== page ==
This was Ducasse, to whom you do not say no, Davaillon adds, commenting on the incredible charisma and the intelligence of the chef. “He’s a visionary more than a chef,” Courseau says.

Courseau and Davaillon arrived in Dallas in 2009 and 2011, respectively. Davaillon helmed the Rosewood Mansion on Turtle Creek (where I shadowed him and wrote about the intensity of his focus and how he was shaping the scene). Courseau was consulting for Harwood, opening Mercat Bistro for the group and waiting to open his own Le Bilboquet (which took two years). They both had kids enrolled at the Dallas International School. But their paths didn’t cross. Not yet. Davaillon opened his brasserie Bullion, a gorgeous French restaurant with a Midas touch. Courseau added the casual Up on Knox and the neo-steakhouse Georgie by Curtis Stone to his small empire that circled Travis and Knox.

Both were looking to create something that was a whole. The restaurateur, Courseau, wanted to sink into a walkable neighborhood and to add his own stamp with various options. Davaillon, too, was creating something immersive at Bullion, his opulent brasserie, where he nevertheless included simple flavors from his childhood. But they were each doing this on their own side.

That changes with the two projects slated for the future.

What’s Next: Two Restaurants on the Horizon

In the vein of ambition and symbiosis, the duo has two projects slated for the future with French leanings—“tendences françaises,” Courseau says. And somewhere, somehow, they hope one or more of them will involve a boulangerie, a bakery that would turn out the good bread and viennoisserie about which they opine.

Both new unnamed projects center on the idea, as all of Courseau’s restaurants have, of an immersive experience with excellent product and attention to detail.

For the first, slated for 2022, they’re talking about France meets California, which they see as French with Mediterranean products. Olive oil rather than butter. “Lighter,” “not formal” fare in a space lithe with blonde wood. (Courseau’s wife is involved in all of the interior designs.) An all-day volley of menus means they could incorporate the boulangerie.

But what I saw from the inked menu draft (surely set to change in small or large ways) reads to me as entirely new, something unique and different for the city. It sounds very Provençale, very South of France, from places where it’s hot like in Texas.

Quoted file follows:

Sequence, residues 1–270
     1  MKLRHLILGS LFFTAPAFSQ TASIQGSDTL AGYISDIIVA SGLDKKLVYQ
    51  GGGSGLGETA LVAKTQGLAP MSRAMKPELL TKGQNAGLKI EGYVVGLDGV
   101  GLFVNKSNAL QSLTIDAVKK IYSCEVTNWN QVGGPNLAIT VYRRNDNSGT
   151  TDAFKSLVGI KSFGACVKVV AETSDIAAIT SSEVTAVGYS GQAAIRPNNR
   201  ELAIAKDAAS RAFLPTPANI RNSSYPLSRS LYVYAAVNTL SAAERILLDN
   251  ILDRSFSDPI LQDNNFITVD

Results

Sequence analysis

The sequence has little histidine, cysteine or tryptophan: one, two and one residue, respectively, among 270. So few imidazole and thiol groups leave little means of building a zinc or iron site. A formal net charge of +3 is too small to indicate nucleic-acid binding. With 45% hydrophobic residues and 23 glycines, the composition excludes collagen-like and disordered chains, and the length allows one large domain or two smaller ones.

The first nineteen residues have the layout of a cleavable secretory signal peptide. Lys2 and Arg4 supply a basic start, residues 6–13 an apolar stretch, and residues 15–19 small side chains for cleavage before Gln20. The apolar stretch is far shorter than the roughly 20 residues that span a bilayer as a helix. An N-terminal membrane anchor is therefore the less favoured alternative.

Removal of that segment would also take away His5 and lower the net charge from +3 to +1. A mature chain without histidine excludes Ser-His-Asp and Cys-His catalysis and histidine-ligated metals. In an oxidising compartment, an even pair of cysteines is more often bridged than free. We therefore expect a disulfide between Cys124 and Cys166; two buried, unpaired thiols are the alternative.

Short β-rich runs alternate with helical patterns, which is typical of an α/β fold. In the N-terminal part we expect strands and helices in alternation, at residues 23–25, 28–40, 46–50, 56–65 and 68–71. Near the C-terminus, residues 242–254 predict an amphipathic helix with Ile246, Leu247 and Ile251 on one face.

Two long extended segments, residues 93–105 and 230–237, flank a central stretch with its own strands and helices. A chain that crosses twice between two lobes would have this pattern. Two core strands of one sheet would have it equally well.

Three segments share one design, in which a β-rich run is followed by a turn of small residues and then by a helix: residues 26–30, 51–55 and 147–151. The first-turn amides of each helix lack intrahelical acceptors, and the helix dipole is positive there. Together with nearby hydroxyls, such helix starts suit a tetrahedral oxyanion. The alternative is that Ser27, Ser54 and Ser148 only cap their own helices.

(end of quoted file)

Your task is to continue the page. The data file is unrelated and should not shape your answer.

Theirs looks to be a place where you can nibble ricotta-filled zucchini blossom fritters, salmon rillettes, and blue crab beignets. The ethereal chickpea panisse (chickpea custard fritters) that Davaillon served at Bullion will make a comeback, with a bagna cauda. Maybe focaccia with confit garlic and the herbes de Provence named after the region. Even the mussels are escabeche, not the Parisian bistro’s bivalves swimming in a heady white wine sauce, but little pickled things much closer to what you would nosh on in Spain.

To me, it reads entirely like cuisine Meridionale, as they would say in France, from the le Midi region that encompasses Aquitaine, Languedoc, and Provence and borders the Atlantic, Spain, the Mediterranean Sea, and Italy. (Being French, but Parisian, I wanted everything on the menu. It would be nice to have that here.)

Davaillon has a tomato tart on the draft menu, perhaps with a sweet onion compote and basil, and I couldn’t be more thrilled. There might be wood-grilled prawns; artichoke ravioli; and octopus with green olives “Riviera” style. Also a lusty rabbit terrine. You may find the ethereal soft scrambled egg (brouillade) served with blood sausage and croutons dusted with Espelette pepper. A delicate touch might come in the form of the little vol au vent pastries with escargot.

When they say light, they apparently mean halibut in a light saffron broth or poached skate wing with a mustard vinaigrette. Or foie gras-stuffed quail (the best foie gras in France hails from le Midi). Or duck breast (another Midi thing). Or of course lamb chops or a rib-eye.

They all belong here together. The foie gras, the rabbit, the Espelette pepper from a very particular town in the Pyrenees speak of a terroir.

And while this may sound befitting of a pastis, that licorice-y anise-based aperitif of the south of France, they may indeed spin it California. Most importantly, it’s Davaillon turning towards a cuisine we haven’t had spotlit with grace.

As for the second unnamed concept, slated for 2023, it skews quite differently. The duo will explore a French-Asian inspiration, with a whiff of fusion. This is a spacious box. But I do know that when Courseau worked for Vongerichten, he developed an appreciation for these marriages—things like foie gras sided by mango rather than the dark berries that are reflective of French terroir. As for Davaillon, his relationship with Teiichi Sakurai (of Tei-An and Ten Ramen) has led to a number of occasions to collaborate on menus that leaned French with Japanese insinuations. It’s all part of his wheelhouse of creative leanings, too.

Overall, it’s lovely to get excited for these projects. The knitting of the duo’s Franco-American symbiosis may lead to something ambitious and refined. A chef of Davaillon’s caliber bending his creative mind towards new places is always welcome. And meanwhile, you can wend your way to Up on Knox to see that he also just loves to make a good chilled soup or strawberry tart.